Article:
MUMBAI: A power ministry directive last week to the Central Electricity Regulatory Commission (CERC) has once again exposed the reluctance of Maharashtra’s power distribution companies to provide open access to consumers of electricity in the category of 1 megawatt and above.
Discoms, which are currently reeling under an acute financial crisis, fear a big revenue loss. For, it is the industry consumers who subsidise agriculture consumers and those with power demand up to 100 units. This situation my force the government to increase subsidy. All the same, its possibility is remote because the government finances itself are in a precarious condition.
Discoms, thus, believe they will lose the freedom to negotiate tariff and terms with existing supplier or switch to alternate supplier. A situation where all 1-Mw-and-above consumers are suddenly forced to seek power through open access would, according to discoms, gift them with uncertainty in terms of recovery of cost of long-term procurement of power.
The Power ministry, which exercised powers under Section 107 of the Electricity Act, 2003, has asked the CERC to take steps in framing of appropriate regulations to implement provision of open access.
The commission, in its reply, has told the power ministry that the issues pertaining to open access for consumers under Section 42 of the Act, are under the jurisdiction of the state electricity regulatory commissions (SERCs).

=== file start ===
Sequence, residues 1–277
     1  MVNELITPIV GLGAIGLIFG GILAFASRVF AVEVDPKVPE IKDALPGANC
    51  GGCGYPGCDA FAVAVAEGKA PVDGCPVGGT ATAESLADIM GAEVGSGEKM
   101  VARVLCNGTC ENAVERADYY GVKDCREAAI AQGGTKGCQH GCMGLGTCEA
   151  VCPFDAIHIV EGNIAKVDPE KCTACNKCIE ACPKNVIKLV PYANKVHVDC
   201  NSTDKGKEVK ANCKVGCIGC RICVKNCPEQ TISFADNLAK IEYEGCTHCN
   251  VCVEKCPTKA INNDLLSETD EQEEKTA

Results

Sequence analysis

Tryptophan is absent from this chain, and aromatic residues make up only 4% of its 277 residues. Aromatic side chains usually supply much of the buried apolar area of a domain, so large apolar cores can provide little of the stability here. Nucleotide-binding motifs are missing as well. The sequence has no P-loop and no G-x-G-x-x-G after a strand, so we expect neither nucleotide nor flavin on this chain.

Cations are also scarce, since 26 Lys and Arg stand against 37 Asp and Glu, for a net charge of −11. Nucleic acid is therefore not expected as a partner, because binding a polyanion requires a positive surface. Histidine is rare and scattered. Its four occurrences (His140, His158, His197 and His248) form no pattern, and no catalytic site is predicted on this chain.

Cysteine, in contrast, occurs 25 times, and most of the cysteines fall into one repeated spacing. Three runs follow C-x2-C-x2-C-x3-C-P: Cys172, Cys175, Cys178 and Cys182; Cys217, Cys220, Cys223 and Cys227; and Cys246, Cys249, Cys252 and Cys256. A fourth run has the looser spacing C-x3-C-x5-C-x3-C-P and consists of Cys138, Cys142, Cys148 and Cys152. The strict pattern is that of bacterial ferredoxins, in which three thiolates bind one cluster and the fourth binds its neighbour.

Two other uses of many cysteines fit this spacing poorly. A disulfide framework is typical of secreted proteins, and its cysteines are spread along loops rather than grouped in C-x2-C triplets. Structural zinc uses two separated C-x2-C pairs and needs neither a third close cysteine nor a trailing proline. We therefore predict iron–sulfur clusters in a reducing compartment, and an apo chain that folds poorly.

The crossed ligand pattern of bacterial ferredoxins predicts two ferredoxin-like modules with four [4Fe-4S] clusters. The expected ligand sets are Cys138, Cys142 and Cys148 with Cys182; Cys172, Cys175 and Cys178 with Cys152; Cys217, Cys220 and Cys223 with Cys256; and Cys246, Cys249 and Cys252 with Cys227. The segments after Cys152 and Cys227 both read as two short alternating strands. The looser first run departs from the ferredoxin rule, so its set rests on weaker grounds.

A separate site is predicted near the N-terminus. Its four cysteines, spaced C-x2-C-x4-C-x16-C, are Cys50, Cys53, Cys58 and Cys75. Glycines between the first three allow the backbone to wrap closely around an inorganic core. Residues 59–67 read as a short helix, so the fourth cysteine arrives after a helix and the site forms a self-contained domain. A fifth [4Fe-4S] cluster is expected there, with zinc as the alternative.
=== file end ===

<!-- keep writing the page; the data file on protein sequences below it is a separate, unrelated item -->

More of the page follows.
According to MahaVitaran official, discoms should be relieved from providing hot standby power in the event of a breakdown.
A senior official of the Maharashtra State Electricity Distribution Company (MahaVitaran) says SERCs need to calculate a cross-subsidy surcharge based on the assumptions that the power available as a result of exit of open access consumer would be sold at the average revenue realisation rate.
“The consumer needs to pay cross-subsidy charges which are varying from 18 paise in the case ofAssamto Rs 1.30 in the case of Andhra Pradesh,” he reveals.
“A number of states like Maharashtra and Punjab have earlier arrived at cross-subsidy charges as zero, but later on they recalculated and increased them to 94 paise in the case of Maharashtra and Rs 1 in the case of Punjab.”
Indian Energy Exchange says the power ministry’s directive would lend relief to the retail consumers, as the cost of procurement will come down. “This will result in bringing down the tariff,” according to Jayant Deo, its MD and CEO. To him, the fears expressed by discoms are unfounded. Deo says cross-subsidy surcharge and other surcharges will compensate them with any losses on account of migration of open access consumers.
Power analyst D Radhakrishna says all consumers above 1 Mw of power consumption are today eligible to source power at a competitive rates. However, consumers are wary that approaching market may lead to hostile treatment from local distribution companies.
Also, in the case of a line breakdown and transformer failures, the requirement of power supplies would be adversely affected although all regulators have defined and laid codes like the Standard of Performance. “But they would be treated as alien consumers,” he notes. “They may not get uniform treatment.”